Frost Bite

Discussion in 'Emergencies / Diseases / Injuries and Cures' started by Norsegod127, Feb 15, 2015.

  1. Norsegod127

    Norsegod127 New Egg

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    Feb 14, 2015
    Hello,
    I have 5 Barred Rocks, first off I got them because they were winter hardy chickens. Where I like in the North East weve been getting single digits and negative degree weather. Crappy thing is...it looks like its here to stay for the next 10 days. On my chickens feet they have a few black spots, not that severe, but noticable. Also on the tip of their comb the have a little white or black. Nothing major. But me being me I worry for them, and I feel bad for them just sitting out their in this cold. I did put a tarp around the coop that covers half of the west and east side, and all of the north side because of the crazy amount of wind Ive been getting. Is their anything else that I should do? And looking at the pictures online of chicken frostbite really makes me want to stop it before it gets to that (whole leg is black).
    Thanks and this is my first winter with chickens. (next year I already have plans to make it better, just need to make it past this winter)
     
  2. steny03

    steny03 Chillin' With My Peeps

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    I've rubbed petroleum jelly on their combs and wattles with success. Not sure about their feet.

    You'll have to reapply the jelly every couple days.
     
  3. Sonya9

    Sonya9 Chillin' With My Peeps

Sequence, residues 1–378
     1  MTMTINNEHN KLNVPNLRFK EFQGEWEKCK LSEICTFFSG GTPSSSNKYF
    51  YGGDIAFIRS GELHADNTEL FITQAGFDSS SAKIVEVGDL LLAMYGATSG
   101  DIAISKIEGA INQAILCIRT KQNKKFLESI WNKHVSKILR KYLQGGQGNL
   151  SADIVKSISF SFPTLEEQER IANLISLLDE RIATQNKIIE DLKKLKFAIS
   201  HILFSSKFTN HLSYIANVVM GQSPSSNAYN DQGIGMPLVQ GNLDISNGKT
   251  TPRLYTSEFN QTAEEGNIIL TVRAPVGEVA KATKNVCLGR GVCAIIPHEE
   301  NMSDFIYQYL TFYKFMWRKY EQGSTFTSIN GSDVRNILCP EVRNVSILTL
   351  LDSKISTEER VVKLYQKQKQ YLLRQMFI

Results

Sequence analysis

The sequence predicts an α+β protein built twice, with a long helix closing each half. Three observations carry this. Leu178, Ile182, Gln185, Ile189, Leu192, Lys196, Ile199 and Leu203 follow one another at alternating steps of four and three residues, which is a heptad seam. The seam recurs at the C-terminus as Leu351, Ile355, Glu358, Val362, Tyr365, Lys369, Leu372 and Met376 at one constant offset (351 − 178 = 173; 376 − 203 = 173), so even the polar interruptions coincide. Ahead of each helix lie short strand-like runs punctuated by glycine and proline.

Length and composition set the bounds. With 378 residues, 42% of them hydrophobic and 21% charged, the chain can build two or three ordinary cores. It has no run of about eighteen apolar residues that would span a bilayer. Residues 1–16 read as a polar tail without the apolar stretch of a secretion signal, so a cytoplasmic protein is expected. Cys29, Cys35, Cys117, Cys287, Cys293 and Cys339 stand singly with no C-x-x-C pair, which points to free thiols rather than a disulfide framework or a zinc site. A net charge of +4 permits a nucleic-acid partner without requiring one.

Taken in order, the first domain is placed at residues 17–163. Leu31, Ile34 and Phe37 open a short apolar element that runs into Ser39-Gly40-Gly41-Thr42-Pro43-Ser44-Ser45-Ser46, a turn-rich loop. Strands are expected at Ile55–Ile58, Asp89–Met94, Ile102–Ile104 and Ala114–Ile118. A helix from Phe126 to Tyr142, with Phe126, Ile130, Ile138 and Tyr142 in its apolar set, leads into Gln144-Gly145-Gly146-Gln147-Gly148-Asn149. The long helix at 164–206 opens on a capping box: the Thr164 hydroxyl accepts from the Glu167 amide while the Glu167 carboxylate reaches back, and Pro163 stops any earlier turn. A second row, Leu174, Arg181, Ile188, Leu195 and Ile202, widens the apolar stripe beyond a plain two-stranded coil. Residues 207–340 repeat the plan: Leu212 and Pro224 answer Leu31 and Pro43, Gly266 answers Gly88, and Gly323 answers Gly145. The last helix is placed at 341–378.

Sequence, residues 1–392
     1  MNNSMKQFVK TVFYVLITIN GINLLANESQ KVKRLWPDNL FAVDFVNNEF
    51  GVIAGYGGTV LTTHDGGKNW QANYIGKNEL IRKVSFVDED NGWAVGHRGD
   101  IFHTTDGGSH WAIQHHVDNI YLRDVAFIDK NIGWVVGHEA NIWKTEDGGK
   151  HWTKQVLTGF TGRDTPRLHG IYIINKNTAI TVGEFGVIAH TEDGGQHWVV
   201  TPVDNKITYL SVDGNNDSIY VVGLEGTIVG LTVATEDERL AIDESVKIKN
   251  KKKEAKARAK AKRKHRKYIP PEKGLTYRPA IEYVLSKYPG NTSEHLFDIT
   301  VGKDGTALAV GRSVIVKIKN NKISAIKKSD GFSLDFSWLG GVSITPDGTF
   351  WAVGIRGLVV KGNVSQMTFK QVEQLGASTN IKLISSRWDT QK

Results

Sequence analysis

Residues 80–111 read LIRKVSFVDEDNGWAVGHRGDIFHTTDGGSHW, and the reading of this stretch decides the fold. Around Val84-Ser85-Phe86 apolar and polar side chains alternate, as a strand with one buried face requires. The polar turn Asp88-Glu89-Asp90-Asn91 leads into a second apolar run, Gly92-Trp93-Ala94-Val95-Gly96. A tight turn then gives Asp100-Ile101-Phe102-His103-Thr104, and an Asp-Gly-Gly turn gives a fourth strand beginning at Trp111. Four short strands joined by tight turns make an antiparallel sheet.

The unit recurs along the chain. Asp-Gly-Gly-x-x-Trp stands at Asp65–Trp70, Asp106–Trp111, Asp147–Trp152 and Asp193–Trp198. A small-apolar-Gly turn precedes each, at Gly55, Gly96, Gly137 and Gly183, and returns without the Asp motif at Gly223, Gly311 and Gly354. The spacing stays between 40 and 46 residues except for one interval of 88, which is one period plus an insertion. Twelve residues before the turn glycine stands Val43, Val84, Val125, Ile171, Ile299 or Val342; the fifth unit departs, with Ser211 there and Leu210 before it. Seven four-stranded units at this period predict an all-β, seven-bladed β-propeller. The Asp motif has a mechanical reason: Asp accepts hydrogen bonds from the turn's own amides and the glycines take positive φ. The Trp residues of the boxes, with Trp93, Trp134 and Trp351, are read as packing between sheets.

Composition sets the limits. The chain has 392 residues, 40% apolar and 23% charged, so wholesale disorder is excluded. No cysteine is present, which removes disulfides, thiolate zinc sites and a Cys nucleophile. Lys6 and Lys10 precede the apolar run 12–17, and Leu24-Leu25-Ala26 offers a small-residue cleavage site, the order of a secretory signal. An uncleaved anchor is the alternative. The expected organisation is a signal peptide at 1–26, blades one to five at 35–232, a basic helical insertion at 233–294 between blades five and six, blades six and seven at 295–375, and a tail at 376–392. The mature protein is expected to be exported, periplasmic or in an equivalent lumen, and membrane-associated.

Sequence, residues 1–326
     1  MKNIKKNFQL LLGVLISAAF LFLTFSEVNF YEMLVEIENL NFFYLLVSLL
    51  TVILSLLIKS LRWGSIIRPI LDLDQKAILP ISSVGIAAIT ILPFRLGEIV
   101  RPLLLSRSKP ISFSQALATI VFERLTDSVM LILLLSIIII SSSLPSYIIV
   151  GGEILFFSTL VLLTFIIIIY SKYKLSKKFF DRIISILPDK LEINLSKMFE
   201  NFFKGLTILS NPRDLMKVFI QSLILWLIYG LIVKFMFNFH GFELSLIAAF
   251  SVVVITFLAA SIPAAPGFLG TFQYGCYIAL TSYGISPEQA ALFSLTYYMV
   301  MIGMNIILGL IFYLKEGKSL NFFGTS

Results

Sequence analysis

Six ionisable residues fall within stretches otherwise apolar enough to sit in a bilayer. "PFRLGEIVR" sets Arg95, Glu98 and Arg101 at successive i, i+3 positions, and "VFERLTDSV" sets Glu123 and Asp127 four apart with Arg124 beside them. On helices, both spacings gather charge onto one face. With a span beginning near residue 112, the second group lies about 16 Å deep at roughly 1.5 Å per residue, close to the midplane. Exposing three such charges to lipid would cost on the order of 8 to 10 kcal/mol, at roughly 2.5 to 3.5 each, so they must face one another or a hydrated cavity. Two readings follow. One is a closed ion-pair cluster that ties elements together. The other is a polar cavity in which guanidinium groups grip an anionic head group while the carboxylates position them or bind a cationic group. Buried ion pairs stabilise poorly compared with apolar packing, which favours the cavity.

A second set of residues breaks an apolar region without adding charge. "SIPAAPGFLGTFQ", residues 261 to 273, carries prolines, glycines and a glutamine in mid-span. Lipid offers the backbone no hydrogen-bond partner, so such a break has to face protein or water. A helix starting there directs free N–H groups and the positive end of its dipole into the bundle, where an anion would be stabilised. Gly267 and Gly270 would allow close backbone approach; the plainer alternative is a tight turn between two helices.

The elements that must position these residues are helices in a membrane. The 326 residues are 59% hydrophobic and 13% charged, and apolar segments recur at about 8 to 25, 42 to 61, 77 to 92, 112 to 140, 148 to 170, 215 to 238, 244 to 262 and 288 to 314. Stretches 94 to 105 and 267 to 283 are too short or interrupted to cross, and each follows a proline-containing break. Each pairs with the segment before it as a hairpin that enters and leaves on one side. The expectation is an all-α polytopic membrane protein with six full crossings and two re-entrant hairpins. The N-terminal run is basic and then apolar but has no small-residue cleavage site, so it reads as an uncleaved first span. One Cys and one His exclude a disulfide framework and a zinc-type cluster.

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    I live in Georgia where the temps are obviously much warmer, it does break 30 degrees during the winter though.

    I slather vaseline on the combs at night as the bantam rooster comb is susceptible to frostbite even with our milder temps. They also have a coop with wood flooring and solid draft proof walls to keep the elements OUT.
     
    Last edited: Feb 15, 2015
  4. Sonya9

    Sonya9 Chillin' With My Peeps

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    Also having flat smooth wooden roosting poles so they can lay on their feet is good, the feathers help insulate.
     
  5. Egghead_Jr

    Egghead_Jr Overrun With Chickens

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    Ventilation it the key. With a well ventilated coop only the largest combed birds get a touch of frost in these northern climate winters. As for feet they squat down on them when roosting so they shouldn't get frost. When in run if ice I toss down a thin layer of hay which they appreciate.
     
  6. Norsegod127

    Norsegod127 New Egg

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    Feb 14, 2015
    Yeah I have a coop with a 2x4 going across. So I shouldnt really worry about their feet if they have this? Or can i put vaseline on their feet/legs? And Ill add some to their combs once the 40 mph winds go down, waay to cold for me to go outside right now.
     
  7. Sonya9

    Sonya9 Chillin' With My Peeps

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    I keep a jar of vaseline in the coop and put it on at night when I lock up, it is dark and the birds are already perched. Trying to do it during the day would be near impossible but maybe your birds are tamer. If they already have damage be very gentle as rough handling will hurt.

    Frost bite will kill the tips of their combs, the peaks fall off and end up rounded.
     
    Last edited: Feb 15, 2015

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